A topic that I will probably return to many times, and a suitable one for my initial blog post – cycle helmets!
Up until a few days ago, Bradley Wiggins was a hero of mine. Winning le Tour, being a nice-chap, having a huge collection of guitars – all things I can only dream of. But, after winning his Gold Medal in the time trial at the Olympics, was asked to comment on the tragic death of a cyclist just outside the Olympic Park. One thing he seemed to suggest was that helmet wearing should be compulsory (http://www.bbc.co.uk/news/uk-england-london-19090898).
The first thing that sprung to mind was why was he even being asked for his views? Is Jenson Button asked to comment every time someone is hurt in a car crash? Is Paula Ratcliffe asked for her views whenever someone gets run over? Bradley is a sportsman – a great sportsman – but he is not, as far as I know, a road safety expert.
This seems to part of the media’s (and, by association, the Great British Public’s) inability to disentangle the sport of cycling from the everyday activity of riding a bike. Things that apply to one do not apply to the other, and, just as Formula 1 racing is very different to driving down to the Co-Op, everyday cycling is very different to the type of cycling Bradley does.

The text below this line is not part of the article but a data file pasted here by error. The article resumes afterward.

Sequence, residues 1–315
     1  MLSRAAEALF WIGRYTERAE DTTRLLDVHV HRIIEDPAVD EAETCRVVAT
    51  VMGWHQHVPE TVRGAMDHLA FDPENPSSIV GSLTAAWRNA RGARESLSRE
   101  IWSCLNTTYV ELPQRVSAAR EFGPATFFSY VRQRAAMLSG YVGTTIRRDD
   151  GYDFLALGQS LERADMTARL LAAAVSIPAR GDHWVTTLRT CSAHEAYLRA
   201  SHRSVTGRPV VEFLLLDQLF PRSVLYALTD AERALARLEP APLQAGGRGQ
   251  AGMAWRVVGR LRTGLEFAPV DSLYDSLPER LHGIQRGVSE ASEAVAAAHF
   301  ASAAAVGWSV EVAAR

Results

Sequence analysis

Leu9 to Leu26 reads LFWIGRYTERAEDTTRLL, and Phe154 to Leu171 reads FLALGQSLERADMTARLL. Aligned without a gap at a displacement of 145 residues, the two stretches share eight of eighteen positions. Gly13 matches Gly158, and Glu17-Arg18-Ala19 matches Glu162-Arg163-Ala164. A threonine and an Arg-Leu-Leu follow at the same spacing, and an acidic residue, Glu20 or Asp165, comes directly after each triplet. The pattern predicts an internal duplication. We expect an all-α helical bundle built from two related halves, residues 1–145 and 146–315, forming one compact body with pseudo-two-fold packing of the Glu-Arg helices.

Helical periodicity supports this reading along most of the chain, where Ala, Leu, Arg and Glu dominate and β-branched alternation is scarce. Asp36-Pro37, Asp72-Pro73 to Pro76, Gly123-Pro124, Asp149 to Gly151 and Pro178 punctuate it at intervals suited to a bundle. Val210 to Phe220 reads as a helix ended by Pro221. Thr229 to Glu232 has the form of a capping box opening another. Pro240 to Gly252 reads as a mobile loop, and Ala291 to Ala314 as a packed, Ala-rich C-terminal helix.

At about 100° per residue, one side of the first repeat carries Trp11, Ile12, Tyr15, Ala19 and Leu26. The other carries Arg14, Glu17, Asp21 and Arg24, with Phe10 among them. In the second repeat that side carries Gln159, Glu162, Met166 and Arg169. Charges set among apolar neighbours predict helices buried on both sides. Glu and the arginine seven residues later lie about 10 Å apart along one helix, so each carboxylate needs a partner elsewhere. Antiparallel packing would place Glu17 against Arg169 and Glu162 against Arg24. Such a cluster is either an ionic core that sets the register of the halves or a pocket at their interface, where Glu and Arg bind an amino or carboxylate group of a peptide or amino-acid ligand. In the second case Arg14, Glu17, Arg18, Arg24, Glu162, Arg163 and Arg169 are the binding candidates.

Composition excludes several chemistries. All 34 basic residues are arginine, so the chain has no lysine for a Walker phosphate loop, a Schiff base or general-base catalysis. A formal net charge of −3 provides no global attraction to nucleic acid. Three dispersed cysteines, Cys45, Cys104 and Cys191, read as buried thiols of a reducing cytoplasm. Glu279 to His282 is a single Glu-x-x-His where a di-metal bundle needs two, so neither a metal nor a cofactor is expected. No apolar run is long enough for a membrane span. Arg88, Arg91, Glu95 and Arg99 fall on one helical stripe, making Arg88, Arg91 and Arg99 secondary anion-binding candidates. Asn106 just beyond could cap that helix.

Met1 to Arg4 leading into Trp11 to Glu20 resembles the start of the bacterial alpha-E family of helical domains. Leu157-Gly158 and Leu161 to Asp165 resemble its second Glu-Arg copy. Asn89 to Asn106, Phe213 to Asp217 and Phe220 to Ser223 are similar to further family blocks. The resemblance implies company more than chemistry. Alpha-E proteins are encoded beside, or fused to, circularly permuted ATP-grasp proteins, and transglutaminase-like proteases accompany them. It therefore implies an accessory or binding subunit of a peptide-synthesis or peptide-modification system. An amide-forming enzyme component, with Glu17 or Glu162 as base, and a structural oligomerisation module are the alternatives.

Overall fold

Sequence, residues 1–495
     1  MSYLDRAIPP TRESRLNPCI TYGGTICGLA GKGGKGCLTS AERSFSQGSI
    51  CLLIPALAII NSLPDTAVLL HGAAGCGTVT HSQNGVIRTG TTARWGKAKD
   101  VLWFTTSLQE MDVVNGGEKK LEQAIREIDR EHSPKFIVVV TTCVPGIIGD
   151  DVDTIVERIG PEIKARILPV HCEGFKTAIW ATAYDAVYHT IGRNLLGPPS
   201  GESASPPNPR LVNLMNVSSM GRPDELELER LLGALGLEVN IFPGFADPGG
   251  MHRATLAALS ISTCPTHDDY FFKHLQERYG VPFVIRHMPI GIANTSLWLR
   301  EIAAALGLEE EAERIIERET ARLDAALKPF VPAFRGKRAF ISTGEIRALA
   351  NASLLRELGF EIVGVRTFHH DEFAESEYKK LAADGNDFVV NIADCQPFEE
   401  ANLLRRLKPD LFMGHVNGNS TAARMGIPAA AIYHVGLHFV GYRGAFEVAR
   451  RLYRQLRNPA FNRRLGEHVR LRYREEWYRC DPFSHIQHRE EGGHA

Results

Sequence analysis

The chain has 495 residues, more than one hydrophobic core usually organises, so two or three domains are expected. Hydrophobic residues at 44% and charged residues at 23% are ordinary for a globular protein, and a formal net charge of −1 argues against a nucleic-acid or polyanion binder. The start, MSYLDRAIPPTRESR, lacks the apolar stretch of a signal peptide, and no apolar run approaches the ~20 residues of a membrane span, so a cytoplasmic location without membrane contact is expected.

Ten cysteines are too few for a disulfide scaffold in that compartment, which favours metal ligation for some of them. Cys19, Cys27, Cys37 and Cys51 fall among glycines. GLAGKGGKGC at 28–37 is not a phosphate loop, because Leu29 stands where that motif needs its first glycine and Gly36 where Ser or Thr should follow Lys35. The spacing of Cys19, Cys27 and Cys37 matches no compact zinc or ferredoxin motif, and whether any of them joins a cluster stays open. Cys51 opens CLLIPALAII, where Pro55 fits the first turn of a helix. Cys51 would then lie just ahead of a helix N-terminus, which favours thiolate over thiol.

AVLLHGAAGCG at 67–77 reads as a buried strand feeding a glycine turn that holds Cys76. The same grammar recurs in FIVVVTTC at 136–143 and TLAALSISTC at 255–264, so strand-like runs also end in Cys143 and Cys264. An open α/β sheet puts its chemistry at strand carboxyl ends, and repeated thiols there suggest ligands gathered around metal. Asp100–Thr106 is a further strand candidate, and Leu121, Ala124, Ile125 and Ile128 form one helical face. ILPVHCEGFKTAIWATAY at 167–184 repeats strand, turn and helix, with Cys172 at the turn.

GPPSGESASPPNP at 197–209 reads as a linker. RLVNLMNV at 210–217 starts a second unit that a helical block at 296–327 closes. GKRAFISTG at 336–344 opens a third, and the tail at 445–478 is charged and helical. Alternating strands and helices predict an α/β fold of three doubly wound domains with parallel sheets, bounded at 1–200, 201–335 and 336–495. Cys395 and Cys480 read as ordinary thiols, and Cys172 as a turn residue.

Anyway, I disagree with Bradley’s idea, and later reports state that Bradley claims he was misunderstood. Fair enough.
Here are my ideas for how cycling can be made safer (in no particular order);
- lower (and enforced) speed limits on residential and urban streets
- a commitment from highway authorities to filling in potholes
- if cycle facilities are to be installed (I remain unconvinced as to whether they are actually a good thing), they must meet the published guidelines
- no-fault liability for motorists
- blind-spot mirrors on all large vehicles
- cycle training to be made available to everyone who wants it
- a lower drink-drive limit
- enforcement of existing traffic laws (especially those regarding mobile-phone use and overtaking on double-white lines)
- conversion of large roundabouts to continental geometries
- cyclist-awareness refresher courses for drivers of buses and HGVs